Women free-lance musicians harmonize work, family
Three weddings, a bar mitzvah, two concerts, a museum opening, and an executive convention can be on Marian Kaul's agenda for one week, but not because she's at the top of each guest list.
Ms. Kaul is the musical entertainment for these events. As a "free-lance" jazz performer she supports herself on whatever music jobs she can find. She plays her saxophone day and night, but unlike a member of the Benny Goodman Orchestra, she has no permanent position in a jazz band. It's a rugged life, and yet she loves her work enough to endure the hardships.
She is one of many female musicians who free-lance because it's still hard to break into all-male preserves in many bands and orchestras, and because there are too many musicians for too few jobs.
Marian Kaul, who lives in Baltimore with her husband and teen-age daughter, is gone from 10 a.m. to 6 p.m. weekdays, rehearsing and coordinating the CETA-sponsored Port City Jazz Ensemble. The group tours Baltimore's schools, plays outdoor concerts, and gives workshops at the city jail.
Evenings, she plays saxophone or flute in various jazz bands, and on off-nights she goes to nightclubs to hear other musicians.
When her daughter, Tristan, was younger, Ms. Kaul avoided the baby-sitter search by bringing her to rehearsals. Now Tristan is busy with her own interests -- trumpet and dancing -- and mom's career is "old hat," Tristan says.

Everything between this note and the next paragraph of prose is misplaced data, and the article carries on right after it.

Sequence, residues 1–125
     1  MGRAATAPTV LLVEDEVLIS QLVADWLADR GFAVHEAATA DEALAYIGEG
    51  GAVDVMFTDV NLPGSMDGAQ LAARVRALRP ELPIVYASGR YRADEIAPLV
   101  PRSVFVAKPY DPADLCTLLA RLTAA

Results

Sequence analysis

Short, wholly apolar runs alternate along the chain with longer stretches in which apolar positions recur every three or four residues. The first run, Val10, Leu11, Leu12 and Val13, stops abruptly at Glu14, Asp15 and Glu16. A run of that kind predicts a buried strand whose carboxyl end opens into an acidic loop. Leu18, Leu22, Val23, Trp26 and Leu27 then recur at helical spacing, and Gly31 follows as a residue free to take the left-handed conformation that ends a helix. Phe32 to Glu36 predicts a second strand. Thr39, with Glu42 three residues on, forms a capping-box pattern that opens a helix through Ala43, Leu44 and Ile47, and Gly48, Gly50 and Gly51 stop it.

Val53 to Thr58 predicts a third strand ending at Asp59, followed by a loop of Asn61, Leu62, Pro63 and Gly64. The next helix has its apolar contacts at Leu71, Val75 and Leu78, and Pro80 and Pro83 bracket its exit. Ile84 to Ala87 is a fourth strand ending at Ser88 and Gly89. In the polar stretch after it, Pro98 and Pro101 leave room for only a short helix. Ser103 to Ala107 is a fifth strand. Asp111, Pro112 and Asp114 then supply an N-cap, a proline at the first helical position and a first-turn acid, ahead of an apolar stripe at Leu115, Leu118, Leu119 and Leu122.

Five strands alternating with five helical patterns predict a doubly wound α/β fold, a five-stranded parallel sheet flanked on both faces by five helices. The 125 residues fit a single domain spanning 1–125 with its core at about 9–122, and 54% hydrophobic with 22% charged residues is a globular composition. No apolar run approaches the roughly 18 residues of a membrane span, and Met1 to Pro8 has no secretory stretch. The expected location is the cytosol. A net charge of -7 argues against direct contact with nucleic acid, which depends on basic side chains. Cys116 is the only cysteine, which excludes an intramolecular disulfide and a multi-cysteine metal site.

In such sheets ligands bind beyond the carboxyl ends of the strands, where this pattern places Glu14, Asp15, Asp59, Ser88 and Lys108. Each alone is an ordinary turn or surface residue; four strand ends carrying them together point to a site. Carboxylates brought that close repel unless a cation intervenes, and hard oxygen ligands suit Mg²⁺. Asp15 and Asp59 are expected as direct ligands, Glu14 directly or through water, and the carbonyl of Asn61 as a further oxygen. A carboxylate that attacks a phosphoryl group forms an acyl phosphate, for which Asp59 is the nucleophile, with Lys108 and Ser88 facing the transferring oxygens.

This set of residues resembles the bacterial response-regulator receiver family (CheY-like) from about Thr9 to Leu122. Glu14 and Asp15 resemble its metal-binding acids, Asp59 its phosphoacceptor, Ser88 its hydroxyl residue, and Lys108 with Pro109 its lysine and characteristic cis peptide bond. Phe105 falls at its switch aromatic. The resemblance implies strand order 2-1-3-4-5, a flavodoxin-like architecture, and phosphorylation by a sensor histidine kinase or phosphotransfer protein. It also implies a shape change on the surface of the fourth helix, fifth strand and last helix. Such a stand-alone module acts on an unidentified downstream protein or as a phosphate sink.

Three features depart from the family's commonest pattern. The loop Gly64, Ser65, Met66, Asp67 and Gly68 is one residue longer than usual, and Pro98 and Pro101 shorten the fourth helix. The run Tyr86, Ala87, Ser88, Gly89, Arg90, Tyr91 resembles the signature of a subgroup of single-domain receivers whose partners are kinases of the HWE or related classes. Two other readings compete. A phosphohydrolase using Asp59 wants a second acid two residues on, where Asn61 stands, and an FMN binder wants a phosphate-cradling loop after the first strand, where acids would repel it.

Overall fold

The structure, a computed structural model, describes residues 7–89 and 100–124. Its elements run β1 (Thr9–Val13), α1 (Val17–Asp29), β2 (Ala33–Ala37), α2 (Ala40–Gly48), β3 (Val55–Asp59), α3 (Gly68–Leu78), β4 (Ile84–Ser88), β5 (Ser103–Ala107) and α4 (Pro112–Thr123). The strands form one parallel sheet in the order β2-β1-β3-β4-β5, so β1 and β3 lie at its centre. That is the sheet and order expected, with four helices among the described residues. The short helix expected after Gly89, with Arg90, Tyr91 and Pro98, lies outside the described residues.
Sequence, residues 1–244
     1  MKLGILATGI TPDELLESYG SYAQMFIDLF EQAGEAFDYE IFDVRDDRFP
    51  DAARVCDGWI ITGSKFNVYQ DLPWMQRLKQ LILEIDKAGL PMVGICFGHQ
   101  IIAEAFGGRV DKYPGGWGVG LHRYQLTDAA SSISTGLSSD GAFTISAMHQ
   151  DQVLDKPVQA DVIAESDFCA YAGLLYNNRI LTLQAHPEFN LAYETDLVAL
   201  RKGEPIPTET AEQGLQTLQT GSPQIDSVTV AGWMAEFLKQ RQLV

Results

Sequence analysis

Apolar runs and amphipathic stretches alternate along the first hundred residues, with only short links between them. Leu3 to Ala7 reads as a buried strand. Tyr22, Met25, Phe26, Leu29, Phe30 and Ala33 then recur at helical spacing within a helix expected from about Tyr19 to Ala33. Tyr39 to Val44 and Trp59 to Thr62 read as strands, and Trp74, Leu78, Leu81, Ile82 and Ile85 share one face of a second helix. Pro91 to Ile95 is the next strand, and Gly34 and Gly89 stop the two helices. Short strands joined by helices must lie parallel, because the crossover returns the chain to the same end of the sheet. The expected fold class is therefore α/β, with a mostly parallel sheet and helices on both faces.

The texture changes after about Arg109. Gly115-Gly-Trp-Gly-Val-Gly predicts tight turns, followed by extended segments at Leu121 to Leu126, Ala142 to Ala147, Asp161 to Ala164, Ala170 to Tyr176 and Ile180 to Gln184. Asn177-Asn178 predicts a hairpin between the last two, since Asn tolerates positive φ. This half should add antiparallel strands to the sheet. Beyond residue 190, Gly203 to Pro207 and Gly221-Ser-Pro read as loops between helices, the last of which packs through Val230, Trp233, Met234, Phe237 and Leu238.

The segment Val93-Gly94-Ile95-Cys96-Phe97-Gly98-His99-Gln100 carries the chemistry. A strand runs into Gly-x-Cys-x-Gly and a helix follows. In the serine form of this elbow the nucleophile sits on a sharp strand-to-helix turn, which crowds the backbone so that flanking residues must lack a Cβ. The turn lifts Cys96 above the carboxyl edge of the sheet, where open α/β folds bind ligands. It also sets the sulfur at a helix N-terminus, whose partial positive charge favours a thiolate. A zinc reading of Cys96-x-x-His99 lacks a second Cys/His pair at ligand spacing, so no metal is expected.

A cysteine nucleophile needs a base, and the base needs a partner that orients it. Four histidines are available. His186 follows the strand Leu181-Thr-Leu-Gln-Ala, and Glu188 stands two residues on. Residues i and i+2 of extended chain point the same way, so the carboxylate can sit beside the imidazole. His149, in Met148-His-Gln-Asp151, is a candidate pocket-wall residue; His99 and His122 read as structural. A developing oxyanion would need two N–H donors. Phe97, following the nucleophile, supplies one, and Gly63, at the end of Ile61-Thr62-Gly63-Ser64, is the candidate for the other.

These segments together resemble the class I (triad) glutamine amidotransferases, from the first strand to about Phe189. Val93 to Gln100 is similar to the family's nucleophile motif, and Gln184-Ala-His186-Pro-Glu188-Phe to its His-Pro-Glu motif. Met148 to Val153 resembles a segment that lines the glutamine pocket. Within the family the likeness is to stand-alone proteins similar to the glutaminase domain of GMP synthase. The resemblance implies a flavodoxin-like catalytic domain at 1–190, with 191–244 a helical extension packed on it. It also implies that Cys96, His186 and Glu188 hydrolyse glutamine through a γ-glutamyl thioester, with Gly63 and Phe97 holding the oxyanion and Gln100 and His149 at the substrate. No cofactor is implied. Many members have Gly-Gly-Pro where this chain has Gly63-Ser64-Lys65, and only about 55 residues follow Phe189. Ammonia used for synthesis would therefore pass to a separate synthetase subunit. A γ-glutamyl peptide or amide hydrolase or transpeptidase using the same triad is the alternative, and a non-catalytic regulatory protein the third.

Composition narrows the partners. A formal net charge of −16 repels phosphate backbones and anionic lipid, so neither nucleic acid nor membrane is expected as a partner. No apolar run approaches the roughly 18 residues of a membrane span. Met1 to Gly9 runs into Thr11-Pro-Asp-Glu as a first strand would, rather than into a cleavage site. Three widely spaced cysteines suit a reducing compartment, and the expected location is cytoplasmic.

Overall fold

Mom's work may be "old hat" to her daughter, but in the jazz world Ms. Kaul is making history. As a female jazz performer she is helping challenge one more field traditionally slotted to males.
She is often the only female in nightclub bands, playing until the early morning hours. She says it's important to "prove yourself in groups that are mostly made."
Classical orchestras also used to be "mostly male," but this has been changing. Almost every major city or even midsize one has an orchestra and numerous chamber groups. More demands for classical music means more opportunities for female musicians.
More women than men free-lance rather than hold permanent musical positions, because women still usually assume the bulk of the family responsibilities. A steady, full-time music job requires a time commitment that free-lancers might not be able to make. But the coin has two sides: Irregular hours may require them to be away from home at awkward times. Free-lancers with families agree that support from spouses and children is crucial.
Kristina Nilsson, a violinist, plays seasonally with the Boston Ballet, the Boston Pops Esplanade Orchestra, and the Opera Company of Boston. She is also principal violinist of the Pro Arte Chamber Orchestra of Boston -- a group she helped establish two years ago. In these classical groups, women performers are numerous.
Her wellspring of jobs comes because there are far more violins than woodwinds or other instruments in an orchestra. "I know plenty of wonderful woodwind players who can't get work because there are only two or three orchestra positions available," Ms. Nilsson says.